# Phase Portraits¶

In this notebook we’ll look at how to generate phase portraits. A phase diagram shows the trajectories that a dynamical system can take through its phase space. For any system that obeys the markov property we can construct such a diagram, with one dimension for each of the system’s stocks.

## Ingredients¶

### Libraries¶

In this analysis we’ll use:

**numpy**to create the grid of points that we’ll sample over**matplotlib**via ipython’s pylab magic to construct the quiver plot

```
%pylab inline
import pysd
import numpy as np
```

```
Populating the interactive namespace from numpy and matplotlib
```

### Example Model¶

A single pendulum makes for a great example of oscillatory behavior. The following model constructs equations of motion for the pendulum in radial coordinates, simplifying the model from one constructed in cartesian coordinates. In this model, the two state elements are the angle of the pendulum and the derivative of that angle, its angular velocity.

```
model = pysd.read_vensim('../../models/Pendulum/Single_Pendulum.mdl')
```

## Recipe¶

### Step 1: Define the range over which to plot¶

We’ve defined the angle \(0\) to imply that the pendulum is hanging straight down. To show the full range of motion, we’ll show the angles ragning from \(-1.5\pi\) to \(+1.5\pi\), which will allow us to see the the points of stable and unstable equilibrium.

We also want to sample over a range of angular velocities that are reasonable for our system, for the given values of length and weight.

```
angular_position = np.linspace(-1.5*np.pi, 1.5*np.pi, 60)
angular_velocity = np.linspace(-2, 2, 20)
```

Numpy’s `meshgrid`

lets us construct a 2d sample space based upon our
arrays

```
apv, avv = np.meshgrid(angular_position, angular_velocity)
```

### Step 2: Calculate the state space derivatives at a point¶

We’ll define a helper function, which given a point in the state space, will tell us what the derivatives of the state elements will be. One way to do this is to run the model over a single timestep, and extract the derivative information. In this case, the model’s stocks have only one inflow/outflow, so this is the derivative value.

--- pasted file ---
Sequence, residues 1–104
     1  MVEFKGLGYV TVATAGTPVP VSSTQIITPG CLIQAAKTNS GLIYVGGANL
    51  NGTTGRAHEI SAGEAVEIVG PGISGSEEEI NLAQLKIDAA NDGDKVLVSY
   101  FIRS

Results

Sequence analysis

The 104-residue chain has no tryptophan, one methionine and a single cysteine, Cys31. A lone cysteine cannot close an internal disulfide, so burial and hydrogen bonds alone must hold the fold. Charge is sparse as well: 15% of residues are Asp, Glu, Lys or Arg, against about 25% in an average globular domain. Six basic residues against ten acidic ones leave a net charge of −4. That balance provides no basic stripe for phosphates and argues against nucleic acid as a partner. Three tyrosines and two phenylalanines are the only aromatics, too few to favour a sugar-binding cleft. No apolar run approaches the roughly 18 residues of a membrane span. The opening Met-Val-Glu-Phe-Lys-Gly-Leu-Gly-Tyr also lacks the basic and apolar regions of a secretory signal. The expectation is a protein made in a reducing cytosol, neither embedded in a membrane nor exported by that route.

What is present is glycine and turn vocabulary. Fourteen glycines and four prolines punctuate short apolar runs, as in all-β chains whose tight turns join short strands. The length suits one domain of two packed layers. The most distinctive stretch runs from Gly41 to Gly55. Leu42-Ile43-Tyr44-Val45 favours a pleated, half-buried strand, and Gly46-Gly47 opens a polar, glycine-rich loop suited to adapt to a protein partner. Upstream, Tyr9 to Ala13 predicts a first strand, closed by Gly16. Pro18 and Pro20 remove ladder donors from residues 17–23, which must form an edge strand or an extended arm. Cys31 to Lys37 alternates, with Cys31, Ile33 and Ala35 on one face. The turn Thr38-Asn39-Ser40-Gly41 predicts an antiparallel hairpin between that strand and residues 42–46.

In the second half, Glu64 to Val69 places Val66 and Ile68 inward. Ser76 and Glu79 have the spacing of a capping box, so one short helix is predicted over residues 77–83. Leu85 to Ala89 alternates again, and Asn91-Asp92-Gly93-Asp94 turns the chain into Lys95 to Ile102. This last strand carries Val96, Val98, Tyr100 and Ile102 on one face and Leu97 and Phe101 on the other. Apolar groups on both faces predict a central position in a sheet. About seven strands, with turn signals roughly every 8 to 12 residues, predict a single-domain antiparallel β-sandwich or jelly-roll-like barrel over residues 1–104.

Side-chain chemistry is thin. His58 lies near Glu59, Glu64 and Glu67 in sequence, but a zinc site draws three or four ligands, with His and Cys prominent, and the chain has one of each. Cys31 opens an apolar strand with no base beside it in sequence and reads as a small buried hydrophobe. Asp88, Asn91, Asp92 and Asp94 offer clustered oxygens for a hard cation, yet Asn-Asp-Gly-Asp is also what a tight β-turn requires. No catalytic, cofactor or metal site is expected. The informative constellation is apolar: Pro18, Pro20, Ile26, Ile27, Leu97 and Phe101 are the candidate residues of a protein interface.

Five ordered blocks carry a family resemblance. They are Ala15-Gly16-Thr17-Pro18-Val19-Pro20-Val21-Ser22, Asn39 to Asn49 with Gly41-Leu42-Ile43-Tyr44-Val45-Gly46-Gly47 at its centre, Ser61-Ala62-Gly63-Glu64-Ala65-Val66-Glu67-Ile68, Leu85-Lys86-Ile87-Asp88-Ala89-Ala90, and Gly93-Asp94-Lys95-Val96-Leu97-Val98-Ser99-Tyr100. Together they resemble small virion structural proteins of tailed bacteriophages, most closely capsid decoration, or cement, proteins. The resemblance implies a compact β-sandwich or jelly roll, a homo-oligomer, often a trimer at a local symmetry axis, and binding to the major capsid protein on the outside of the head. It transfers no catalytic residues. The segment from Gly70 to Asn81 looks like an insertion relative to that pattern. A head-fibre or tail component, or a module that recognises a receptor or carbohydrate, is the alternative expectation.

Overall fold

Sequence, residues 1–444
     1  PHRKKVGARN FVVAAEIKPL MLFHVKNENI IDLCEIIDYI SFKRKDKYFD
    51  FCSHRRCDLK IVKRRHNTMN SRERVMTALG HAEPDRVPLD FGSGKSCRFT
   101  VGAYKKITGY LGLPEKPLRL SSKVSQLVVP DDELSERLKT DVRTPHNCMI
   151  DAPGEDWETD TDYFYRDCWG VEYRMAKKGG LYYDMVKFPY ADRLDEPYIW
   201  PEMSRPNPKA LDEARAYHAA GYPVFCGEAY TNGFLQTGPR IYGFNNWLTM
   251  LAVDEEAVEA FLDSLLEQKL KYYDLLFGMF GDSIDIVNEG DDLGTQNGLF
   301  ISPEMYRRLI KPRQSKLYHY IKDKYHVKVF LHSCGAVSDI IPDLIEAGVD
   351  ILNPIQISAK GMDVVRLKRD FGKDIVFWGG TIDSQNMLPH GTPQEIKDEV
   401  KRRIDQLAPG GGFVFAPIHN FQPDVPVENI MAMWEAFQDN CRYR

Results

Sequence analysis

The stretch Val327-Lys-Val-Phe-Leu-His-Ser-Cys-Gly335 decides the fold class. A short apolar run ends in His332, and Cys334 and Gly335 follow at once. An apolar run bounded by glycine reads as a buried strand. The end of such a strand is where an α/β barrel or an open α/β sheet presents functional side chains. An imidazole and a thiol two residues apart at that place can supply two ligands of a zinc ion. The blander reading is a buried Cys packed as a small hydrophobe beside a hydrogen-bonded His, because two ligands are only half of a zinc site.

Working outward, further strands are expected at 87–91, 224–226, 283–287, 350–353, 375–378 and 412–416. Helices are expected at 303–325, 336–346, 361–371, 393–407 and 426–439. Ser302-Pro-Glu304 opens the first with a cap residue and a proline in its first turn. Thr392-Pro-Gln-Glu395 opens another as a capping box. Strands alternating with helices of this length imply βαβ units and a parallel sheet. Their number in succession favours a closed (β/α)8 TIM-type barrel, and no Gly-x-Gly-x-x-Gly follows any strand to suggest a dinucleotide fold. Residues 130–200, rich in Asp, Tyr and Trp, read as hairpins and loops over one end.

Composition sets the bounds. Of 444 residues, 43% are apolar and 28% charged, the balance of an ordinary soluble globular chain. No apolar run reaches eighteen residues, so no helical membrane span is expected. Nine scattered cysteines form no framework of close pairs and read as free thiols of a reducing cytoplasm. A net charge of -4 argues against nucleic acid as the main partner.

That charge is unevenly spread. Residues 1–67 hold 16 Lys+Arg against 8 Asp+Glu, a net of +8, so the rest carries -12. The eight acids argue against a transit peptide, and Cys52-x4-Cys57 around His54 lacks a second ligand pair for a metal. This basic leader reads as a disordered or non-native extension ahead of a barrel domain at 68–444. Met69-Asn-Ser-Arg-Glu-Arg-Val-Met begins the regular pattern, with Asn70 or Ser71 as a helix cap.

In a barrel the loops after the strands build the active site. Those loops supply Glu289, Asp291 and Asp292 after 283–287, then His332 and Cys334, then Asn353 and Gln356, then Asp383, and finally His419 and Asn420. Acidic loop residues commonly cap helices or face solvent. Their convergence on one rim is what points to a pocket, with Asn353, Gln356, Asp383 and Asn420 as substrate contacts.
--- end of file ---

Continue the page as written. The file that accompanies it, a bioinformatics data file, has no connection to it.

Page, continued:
As the derivative of the angular position is just the angular velocity,
whatever we pass in for the `av`

parameter should be returned to us as
the derivative of `ap`

.

```
def derivatives(ap, av):
ret = model.run(params={'angular_position':ap,
'angular_velocity':av},
return_timestamps=[0,1],
return_columns=['change_in_angular_position',
'change_in_angular_velocity'])
return tuple(ret.loc[0].values)
derivatives(0,1)
```

```
(1.0, -0.0)
```

### Step 3: Calculate the state space derivatives across our sample space¶

We can use numpy’s `vectorize`

to make the function accept the 2d
sample space we have just created. Now we can generate the derivative of
angular position vector `dapv`

and that of the angular velocity vector
`davv`

. As before, the derivative of the angular posiiton should be
equal to the angular velocity. We check that the vectors are equal.

```
vderivatives = np.vectorize(derivatives)
dapv, davv = vderivatives(apv, avv)
(dapv == avv).all()
```

```
True
```

### Step 4: Plot the phase portrait¶

Now we have everything we need to draw the phase portrait. We’ll use
matplotlib’s `quiver`

function, which wants as arguments the grid of x
and y coordinates, and the derivatives of these coordinates.

In the plot we see the locations of stable and unstable equilibria, and can eyeball the trajectories that the system will take through the state space by following the arrows.

```
plt.figure(figsize=(18,6))
plt.quiver(apv, avv, dapv, davv, color='b', alpha=.75)
plt.box('off')
plt.xlim(-1.6*np.pi, 1.6*np.pi)
plt.xlabel('Radians', fontsize=14)
plt.ylabel('Radians/Second', fontsize=14)
plt.title('Phase portrait for a simple pendulum', fontsize=16);
```